We puttered around late into the day and I wrote a lot of postcards. Once we got going, we realized we had no end destination in mind and would probably be car camping.

day fourteen ... side of road, mt ... front seat of truck
host: state of montana

Somewhere in the middle of no place, the radio started picking up TV signals. We listened to Who Wants to Be A Millionaire, which was the first time I have ever heard it. As reception dwindled I found myself driving more slowly to stay in range.

We bowled in Fargo ND and I scored my third highest score ever, 159. I seem to bowl best when I am completely out of my element. The bowling alley was selling old pins for a dollar so Nick and I each got two.

The truck does have a crew cab which means four doors, front and back seats. I am short, Nick is not super tall. When it got late, and I decided I didn't want any more coffee, we chose a rest area to be our home for the night. At many rest areas, especially those in the big midwestern states, you can legally sleep in your car. The signs that say No Camping just mean "don't do anything nutty like try to pitch a tent." The limit is usually something like six to eight hours. A few states [Ohio, for one] have caretaker types whose job it is to keep you from sleeping in your car which I have always found insane and dangerous. At the Bad Route Rest Area, there were no caretakers, there were hardly any other people. We moved all the crap around in the truck and did one more lap around the parking lot to get the heat up to reasonable levels considering that it was 38 degrees outside and went to sleep. Nick also snores. His cel phone beeps. I had a seatbelt in my ass. I had left my totemic pillow in Minneapolis. But I did get some sleep, which was the point. I got up early, somewhat cold, and started driving. Nick woke up as we were on the road, assessed the situation and went back to sleep. Missoula was not far and I was in a better condition to drive than I had been at 1 am the night before. We had a great early breakfast at the 600 Cafe in Miles City.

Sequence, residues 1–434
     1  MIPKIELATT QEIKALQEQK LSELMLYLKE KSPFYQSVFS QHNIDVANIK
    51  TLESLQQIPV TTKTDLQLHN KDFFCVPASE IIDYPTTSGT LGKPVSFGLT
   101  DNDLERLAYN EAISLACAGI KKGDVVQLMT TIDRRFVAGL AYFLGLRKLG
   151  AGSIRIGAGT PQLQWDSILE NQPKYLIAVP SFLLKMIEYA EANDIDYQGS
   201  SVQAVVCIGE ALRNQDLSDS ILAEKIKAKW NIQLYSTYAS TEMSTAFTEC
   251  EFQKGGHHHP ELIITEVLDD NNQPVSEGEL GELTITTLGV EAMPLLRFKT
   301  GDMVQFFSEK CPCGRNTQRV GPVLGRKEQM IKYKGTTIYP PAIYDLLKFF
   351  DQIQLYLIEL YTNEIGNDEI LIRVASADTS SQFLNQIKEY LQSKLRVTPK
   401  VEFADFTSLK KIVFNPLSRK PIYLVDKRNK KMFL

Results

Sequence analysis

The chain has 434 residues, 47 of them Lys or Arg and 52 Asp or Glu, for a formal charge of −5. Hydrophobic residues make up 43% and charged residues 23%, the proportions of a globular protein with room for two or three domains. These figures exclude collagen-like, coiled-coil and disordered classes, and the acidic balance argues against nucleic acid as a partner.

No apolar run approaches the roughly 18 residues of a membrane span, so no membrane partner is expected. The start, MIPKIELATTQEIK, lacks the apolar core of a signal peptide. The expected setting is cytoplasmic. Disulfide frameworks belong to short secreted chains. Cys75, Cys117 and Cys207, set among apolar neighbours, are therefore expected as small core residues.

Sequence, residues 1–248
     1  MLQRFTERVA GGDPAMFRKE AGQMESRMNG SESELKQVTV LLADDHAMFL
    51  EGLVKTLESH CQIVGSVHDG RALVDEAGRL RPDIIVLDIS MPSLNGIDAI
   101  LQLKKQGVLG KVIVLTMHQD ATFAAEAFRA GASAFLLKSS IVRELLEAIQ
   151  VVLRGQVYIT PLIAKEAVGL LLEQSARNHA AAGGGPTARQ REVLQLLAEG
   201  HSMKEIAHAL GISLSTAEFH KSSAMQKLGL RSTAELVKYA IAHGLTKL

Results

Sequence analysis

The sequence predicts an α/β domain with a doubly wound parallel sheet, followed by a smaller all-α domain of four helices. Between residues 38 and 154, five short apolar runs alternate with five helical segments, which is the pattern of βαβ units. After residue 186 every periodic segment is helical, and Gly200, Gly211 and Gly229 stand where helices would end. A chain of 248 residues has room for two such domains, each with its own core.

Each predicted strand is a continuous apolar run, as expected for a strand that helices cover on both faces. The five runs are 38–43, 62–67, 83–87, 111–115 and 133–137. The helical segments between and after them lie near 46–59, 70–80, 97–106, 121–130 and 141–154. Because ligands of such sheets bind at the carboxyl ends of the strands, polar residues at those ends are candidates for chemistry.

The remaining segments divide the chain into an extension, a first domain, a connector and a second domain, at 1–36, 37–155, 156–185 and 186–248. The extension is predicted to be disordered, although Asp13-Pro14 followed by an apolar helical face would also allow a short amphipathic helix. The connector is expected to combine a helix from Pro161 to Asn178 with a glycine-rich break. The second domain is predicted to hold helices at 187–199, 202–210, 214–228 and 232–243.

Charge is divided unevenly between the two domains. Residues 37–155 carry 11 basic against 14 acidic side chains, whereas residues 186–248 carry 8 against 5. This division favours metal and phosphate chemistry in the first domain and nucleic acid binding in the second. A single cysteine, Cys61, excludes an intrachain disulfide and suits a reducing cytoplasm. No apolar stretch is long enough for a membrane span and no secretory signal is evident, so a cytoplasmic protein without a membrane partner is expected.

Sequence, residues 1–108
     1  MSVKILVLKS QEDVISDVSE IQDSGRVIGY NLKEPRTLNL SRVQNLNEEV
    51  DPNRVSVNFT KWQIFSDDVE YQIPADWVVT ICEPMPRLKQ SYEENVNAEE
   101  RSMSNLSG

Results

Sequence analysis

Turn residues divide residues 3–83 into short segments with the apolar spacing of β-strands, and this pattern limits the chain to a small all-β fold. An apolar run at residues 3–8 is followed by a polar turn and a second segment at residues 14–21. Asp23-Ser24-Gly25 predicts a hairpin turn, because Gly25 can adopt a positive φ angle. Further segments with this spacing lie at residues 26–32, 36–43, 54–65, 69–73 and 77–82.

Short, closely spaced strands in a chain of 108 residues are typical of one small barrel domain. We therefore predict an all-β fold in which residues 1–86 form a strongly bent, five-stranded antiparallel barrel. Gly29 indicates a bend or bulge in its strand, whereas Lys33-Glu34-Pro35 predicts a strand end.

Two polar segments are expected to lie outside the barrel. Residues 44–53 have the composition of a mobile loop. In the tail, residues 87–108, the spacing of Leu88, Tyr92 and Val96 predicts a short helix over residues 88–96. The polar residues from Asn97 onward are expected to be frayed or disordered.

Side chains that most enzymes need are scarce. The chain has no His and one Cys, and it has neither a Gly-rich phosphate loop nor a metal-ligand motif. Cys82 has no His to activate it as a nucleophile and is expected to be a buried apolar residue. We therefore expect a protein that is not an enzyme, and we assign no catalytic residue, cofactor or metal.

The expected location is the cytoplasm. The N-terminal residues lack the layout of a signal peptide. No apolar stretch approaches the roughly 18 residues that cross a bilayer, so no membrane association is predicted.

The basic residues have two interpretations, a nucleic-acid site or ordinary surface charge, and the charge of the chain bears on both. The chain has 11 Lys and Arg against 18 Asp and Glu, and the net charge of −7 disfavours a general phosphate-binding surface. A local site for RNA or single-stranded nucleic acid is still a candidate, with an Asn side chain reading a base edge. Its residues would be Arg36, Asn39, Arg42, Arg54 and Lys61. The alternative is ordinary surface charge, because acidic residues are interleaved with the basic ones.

day fifteen ... missoula, mt ... tipi floor
host: matthew ward -- guy i met at wto

I mentioned briefly in my journal about staying in Missoula. We got there early afternoon, grabbed some coffee, walked around, remarked on the completely insanely beautiful weather, and then decided, somewhat strangely, that what we both wanted to do was see a movie. We saw Crouching Tiger, Hidden Dragon at the Wilma. Very nice. A homeless man proposed to me. We then set out to track down my friend who we were planning to stay with who had given us the briefest of directions. Long story short, he lived in a tipi. Nick was a bit hesitant to have a rough night of sleep again, but I assured him [crossing my own fingers hopefully] that it would be nice.

We stayed with Matt who I had met at WTO and let stay at my place with three of his friends. He was happy to return the favor and we traded stories and curled up around the woodstove and quickly went to sleep.

The trip back to Seattle was a blur, once we were in WA, stuff started looking familar. Nick said "wow, this state sure has a lot of trees!" I dropped him off, illegally parked, and came out of his place to see an angry woman in a sporty red car glaring at me. Welcome back to Seattle!